B-2.3 Provident Fund

The Bank is statutorily required to maintain a provident fund as a part of its retirement benefits to its employees who joined Bank’s service on or before 31.03.2010. This fund is administered by a trust managed by the Bank. Each employee contributes 10% of their basic salary and eligible allowances and the Bank contributes an equal amount to the fund. The investment of the fund is made according to investment pattern prescribed by the Government of India.

B-2.4 Leave Encashment

An employee is entitled to encash privilege leave standing to his/her credit subject to a maximum of 240 days on the date of superannuation/Voluntary Retirement/death.

However, on resignation, an employee is entitled to get encashment to the tune of 50% of the privilege leave standing to the credit subject to a maximum of 120 days.

B-2.5 Additional Retirement Benefit

The scheme for additional retirement benefit provides that an officer on Retirement/ Voluntary retirement/ Death shall be eligible for additional retirement benefit, provided the officers satisfy the conditions mentioned in BOB officer’s service regulations.

In the same manner, award staff member on Retirement/ Voluntary Retirement/ Death shall be eligible for additional retirement benefit, provided the staff member had completed thirty-years of service in Bank.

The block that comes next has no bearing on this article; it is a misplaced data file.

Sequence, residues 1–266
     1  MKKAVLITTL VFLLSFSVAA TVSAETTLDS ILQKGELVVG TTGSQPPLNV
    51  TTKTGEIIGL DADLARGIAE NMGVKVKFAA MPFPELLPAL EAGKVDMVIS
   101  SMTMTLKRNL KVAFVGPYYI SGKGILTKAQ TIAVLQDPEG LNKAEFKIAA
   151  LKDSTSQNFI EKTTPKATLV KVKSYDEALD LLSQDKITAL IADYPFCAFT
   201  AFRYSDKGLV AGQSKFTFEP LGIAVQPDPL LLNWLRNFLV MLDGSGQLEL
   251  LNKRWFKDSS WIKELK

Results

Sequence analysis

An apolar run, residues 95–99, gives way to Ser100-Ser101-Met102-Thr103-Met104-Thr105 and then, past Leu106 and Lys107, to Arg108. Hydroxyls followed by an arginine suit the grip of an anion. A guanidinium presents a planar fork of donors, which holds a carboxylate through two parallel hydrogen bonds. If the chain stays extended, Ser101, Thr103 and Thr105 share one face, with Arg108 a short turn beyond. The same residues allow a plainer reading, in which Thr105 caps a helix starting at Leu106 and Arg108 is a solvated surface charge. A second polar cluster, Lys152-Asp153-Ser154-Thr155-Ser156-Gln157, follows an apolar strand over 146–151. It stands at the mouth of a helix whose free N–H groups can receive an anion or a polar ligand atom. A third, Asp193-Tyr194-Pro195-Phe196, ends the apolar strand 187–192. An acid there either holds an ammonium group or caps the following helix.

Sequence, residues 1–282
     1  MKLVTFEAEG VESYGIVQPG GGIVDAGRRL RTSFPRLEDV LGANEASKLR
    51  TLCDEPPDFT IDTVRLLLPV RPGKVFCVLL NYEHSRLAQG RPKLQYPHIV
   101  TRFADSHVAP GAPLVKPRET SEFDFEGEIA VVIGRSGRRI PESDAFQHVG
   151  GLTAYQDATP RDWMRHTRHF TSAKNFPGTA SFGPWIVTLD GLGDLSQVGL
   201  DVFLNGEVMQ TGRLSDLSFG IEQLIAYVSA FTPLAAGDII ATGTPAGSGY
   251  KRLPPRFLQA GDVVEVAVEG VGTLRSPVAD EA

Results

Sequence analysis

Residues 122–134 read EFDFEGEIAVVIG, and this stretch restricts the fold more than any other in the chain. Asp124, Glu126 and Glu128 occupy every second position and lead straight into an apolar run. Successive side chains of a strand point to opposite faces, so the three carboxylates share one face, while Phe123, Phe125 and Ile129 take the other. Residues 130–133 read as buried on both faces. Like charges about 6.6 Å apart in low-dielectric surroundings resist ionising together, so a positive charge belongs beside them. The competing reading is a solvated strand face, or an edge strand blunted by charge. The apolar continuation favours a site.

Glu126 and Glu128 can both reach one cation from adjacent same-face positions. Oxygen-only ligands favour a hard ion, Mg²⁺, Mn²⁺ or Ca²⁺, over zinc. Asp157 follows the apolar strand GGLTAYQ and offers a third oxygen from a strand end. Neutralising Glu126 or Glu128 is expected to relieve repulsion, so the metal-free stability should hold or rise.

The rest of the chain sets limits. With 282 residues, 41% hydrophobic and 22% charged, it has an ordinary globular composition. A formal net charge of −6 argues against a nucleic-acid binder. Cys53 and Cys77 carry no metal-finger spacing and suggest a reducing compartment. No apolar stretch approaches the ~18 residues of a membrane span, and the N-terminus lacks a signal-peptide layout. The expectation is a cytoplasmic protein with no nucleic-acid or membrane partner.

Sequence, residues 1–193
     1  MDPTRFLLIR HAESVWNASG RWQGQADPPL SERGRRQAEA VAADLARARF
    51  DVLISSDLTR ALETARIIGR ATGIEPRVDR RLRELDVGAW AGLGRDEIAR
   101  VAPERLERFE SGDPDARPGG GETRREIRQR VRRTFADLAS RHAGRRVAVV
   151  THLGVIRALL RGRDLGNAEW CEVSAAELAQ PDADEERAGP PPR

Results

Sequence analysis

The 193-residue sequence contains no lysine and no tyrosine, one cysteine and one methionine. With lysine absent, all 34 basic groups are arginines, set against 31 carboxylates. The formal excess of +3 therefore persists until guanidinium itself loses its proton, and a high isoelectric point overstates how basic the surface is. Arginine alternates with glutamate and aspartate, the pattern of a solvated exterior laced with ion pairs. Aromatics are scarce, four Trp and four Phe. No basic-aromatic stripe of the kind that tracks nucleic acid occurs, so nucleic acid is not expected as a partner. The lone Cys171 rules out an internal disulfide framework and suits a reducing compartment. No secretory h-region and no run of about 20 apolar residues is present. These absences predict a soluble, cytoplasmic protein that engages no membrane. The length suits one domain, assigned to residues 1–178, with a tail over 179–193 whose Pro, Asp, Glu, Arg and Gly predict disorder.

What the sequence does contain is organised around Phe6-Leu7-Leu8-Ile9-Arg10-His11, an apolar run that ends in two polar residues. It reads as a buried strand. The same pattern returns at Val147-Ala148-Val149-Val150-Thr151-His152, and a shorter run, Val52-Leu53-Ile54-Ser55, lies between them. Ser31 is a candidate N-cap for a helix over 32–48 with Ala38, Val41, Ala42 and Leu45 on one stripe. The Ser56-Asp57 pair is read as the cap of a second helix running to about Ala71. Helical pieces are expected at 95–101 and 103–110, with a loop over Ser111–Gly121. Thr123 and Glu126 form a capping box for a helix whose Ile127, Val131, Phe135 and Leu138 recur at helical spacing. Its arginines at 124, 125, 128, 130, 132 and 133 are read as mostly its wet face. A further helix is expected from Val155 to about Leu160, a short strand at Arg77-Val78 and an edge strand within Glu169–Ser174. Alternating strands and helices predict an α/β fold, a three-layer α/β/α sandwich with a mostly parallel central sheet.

However, in case of dismissal, discharge, termination, compulsory retirement and resignation, additional retirement benefit shall not be payable irrespective of any number of years of service.

B-3 Related Party Disclosures (AS-18)

Names of the Related Parties and their relationship with the Bank:

(a) Subsidiaries

(i) BOB Capital Markets Limited

(ii) BOB Cards Limited

(iii) The Nainital Bank Limited

(iv) Baroda Global Shared Services Ltd

(v) Bank of Baroda (Kenya) Limited

(vi) Bank of Baroda (Uganda) Limited

(vii) Bank of Baroda (Guyana) Inc.

(viii) Bank of Baroda (UK) Limited

(ix) Bank of Baroda (Tanzania) Limited

(x) Baroda Capital Markets (Uganda) Limited.

(Subsidiary of Bank of Baroda Uganda Ltd.)

(xi) BOB Trinidad & Tobago Ltd.

(xii) Bank of Baroda (Ghana) Ltd.

(xiii) Bank of Baroda (New Zealand) Ltd.

(xiv) Bank of Baroda (Botswana) Limited

(b) Associates

(i) Baroda Uttar Pradesh Gramin Bank

(ii) Baroda Rajasthan Kshetriya Gramin Bank

(iii) Baroda Gujarat Gramin Bank

(iv) Baroda Pioneer Asset Management Company Limited

(v) Indo Zambia Bank Limited

(vi) Baroda Pioneer Trustee Company Private Limited

(c) Joint Ventures

(i) India First Life Insurance Company Limited

(ii) India International Bank (Malaysia) Bhd.

(iii) India Infradebt Limited

Keeping in line with para 9 of the (AS) -18 Related Party Disclosures issued by ICAI of The transactions with the Subsidiaries and Associate Banks have not been disclosed in view of para 9 of the (AS) -18 Related Party Disclosures issued by ICAI, which exempts state controlled enterprises from making any disclosure pertaining to transactions with other related state controlled enterprises. For other enterprises, no disclosure has been made as all the transactions are done in the ordinary course of business such as Fixed Deposits, interest thereon etc